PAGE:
Graeme Gooday’s fascinating essay on the expert-consumer relationship in the advent of domestic electricity is particularly strong on this theme because, as he puts it, ‘those aspiring to public authority on electric matters were not unequivocally or consensually granted recognition as “experts” by their audiences’. In Alberti’s cases the curators of public museums achieved scientific authority by banishing the smells, sounds and experiences of other kinds of scientific experience from their institutions, actively creating and manipulating the line between ‘scientific’ and ‘popular’. In Gooday’s example, expert status depended wholly upon popular acceptance and thus upon the ability to write about or demonstrate electrical beauty and safety for wide audiences. Expertise was granted by the ‘laity’, and the laity itself operated ‘as a tribunal of allegedly “expert” judgments’, taking on some of the roles of the expert for itself (232).

This last essay effectively compromises the editors’ deployment of the marketplace metaphor to distinguish between the active creation of new knowledge and the production and consumption of ‘popular science’, because it suggests that new knowledge could be created in response to, or even be dependent upon, market demands. But it is James A. Secord’s ‘How Scientific Conversation Became Shop Talk’, the first essay of the collection, which challenges this metaphor most vividly. Secord not only argues that in the early part of the century oral performance was often more important than print publication for communicating scientific ideas and for establishing scientific reputation and expertise. He also charts a history of scientific conversation in which, as polite society experienced an influx of professionals, businessmen and industrialists, science was increasingly labelled ‘shop talk’ and became confined to the field and the laboratory. The twist in Secord’s tail is that serious scientific talk continued to operate according to the conventions of the older polite society: in the 1880s the Cavendish’s introduced afternoon tea, a ritual of the London aristocracy since the 1840s, into the laboratory, enabling conversation to retain ‘the openness considered essential to innovation’ (50). The conventions of the dinner table or the tea room had as much of a place in creating scientific knowledge as in popularising it. Here the editors’ distinction between ‘science’ and ‘popular science’, between the producers and the consumers of knowledge, breaks down.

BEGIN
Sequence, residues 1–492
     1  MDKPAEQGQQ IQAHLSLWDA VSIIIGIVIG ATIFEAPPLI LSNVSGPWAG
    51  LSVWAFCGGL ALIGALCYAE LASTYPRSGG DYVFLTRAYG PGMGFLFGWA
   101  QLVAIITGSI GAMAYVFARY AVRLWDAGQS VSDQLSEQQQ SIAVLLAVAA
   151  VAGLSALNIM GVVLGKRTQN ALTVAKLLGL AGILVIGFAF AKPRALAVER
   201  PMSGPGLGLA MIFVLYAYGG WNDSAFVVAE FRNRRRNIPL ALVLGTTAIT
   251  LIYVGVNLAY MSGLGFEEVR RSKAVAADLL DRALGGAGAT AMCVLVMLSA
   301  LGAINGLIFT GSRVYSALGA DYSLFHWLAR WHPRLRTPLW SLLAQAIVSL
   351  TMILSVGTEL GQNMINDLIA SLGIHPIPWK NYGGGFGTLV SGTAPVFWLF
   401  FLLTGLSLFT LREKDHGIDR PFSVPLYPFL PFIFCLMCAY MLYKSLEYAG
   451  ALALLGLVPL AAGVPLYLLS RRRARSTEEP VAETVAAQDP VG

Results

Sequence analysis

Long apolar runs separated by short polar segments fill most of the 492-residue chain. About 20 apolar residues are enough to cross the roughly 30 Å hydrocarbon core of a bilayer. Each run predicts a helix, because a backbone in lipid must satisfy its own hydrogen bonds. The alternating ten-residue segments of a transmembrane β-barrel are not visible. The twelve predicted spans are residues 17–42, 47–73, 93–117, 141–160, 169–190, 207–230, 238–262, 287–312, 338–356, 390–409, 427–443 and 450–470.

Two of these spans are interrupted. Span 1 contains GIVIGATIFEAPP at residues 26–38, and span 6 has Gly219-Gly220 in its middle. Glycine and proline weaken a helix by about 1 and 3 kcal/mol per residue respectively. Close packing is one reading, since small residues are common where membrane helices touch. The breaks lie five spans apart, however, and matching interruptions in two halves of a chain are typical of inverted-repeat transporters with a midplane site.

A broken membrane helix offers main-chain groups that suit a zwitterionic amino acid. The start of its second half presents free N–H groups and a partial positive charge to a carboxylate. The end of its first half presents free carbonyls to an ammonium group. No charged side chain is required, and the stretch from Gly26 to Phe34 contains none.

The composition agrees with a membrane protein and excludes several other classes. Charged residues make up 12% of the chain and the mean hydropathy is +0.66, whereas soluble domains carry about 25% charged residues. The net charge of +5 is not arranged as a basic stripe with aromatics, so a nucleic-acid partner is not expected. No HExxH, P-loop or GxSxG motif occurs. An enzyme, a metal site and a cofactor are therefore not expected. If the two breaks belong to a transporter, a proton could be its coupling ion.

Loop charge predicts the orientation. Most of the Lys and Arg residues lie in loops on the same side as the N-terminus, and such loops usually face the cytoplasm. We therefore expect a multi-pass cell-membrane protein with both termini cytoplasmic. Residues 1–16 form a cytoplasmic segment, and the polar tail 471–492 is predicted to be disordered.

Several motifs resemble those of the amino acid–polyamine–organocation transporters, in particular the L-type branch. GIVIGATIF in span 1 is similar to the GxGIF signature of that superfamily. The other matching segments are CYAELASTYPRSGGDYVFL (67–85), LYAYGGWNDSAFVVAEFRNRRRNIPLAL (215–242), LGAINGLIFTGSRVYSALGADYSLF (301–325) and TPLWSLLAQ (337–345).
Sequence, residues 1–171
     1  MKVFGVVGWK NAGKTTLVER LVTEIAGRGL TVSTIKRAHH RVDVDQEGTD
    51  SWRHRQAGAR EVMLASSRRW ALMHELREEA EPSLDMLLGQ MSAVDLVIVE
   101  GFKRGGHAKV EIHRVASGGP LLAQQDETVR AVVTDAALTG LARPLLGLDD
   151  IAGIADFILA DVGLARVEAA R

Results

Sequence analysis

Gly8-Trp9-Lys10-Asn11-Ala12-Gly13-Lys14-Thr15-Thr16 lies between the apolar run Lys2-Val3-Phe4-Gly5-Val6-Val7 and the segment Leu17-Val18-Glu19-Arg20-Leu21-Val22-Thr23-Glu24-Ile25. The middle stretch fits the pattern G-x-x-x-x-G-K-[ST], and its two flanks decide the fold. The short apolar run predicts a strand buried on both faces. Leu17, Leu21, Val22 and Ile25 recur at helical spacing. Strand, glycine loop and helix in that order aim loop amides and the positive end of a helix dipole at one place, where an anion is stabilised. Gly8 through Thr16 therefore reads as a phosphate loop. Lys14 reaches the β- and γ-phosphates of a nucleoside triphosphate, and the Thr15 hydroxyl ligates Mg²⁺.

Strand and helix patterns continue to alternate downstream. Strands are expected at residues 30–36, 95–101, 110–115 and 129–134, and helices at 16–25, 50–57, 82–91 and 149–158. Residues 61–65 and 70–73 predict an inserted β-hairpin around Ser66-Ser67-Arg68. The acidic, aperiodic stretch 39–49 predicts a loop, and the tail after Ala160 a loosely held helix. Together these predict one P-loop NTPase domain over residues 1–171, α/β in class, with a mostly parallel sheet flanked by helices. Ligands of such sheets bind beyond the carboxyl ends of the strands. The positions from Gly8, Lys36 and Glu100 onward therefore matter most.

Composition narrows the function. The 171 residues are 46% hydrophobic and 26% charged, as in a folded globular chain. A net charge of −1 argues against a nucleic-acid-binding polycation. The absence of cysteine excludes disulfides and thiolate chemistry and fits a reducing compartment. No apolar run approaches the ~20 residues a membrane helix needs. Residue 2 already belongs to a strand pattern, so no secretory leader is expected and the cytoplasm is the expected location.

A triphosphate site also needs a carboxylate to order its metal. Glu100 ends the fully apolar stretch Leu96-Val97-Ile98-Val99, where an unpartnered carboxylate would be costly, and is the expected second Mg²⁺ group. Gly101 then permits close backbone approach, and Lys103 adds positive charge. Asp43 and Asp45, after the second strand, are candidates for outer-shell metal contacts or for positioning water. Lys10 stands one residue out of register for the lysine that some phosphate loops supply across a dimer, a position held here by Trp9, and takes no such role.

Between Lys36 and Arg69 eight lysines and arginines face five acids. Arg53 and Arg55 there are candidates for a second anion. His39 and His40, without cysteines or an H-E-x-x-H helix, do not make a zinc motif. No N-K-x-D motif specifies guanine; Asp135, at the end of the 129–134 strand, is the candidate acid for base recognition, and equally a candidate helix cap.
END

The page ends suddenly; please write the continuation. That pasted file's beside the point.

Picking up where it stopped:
Of course, the marketplace is not merely a metaphor for this book, and the essays include a welcome emphasis on the economics determining scientific productions of various kinds. Jonathan Topham reminds us of the role of publishers, trade and economics in the history of popular science instead of treating it, as others have done, ‘as a purely intellectual or ideological production’ (137). His essay reveals that developments in cheap publishing in the 1810s and 1820s, particularly in the fields of cheap magazines and didactic children’s publishing, were often important platforms on which publishers could establish their trade. Developing the vocabulary of ‘popular science’, these innovations in publishing were as much responsible for the success of the SDUK as its ideological commitments. Fyfe’s contribution also emphasises the ways in which the need to create good commercial products informs the history of popular science. Deftly analysing the complex interweaving of text and experience in the museum space, Fyfe also argues that publications that offered their readers museums-in-print such as The Pictorial Museum of Animated Nature (1848-49) were not necessarily secondary substitutes for the authentic museum experience. Instead, the Pictorial Museum was in many ways a more sophisticated commercial product than the British Museum, offering a connecting and interpretative narrative between its ‘exhibits’ and making more sense of them than the minimal and largely scholarly museum labels gave. Its wood engravings of animals could be drawn at a scale that would enable more ready perusal of tiny molluscs, or could render the difficult-to-preserve jellyfish in complete and accurate detail. Considered as a commercial product, the Pictorial Museum had distinct advantages over the British Museum. And in turn, Fyfe’s essay shows us that the marketplace model’s emphasis on the material experiences of science as well as the ideological frameworks underpinning its production can recover the historical value of texts or objects whose significance is invisible within the traditional institutional or professional models of looking at science.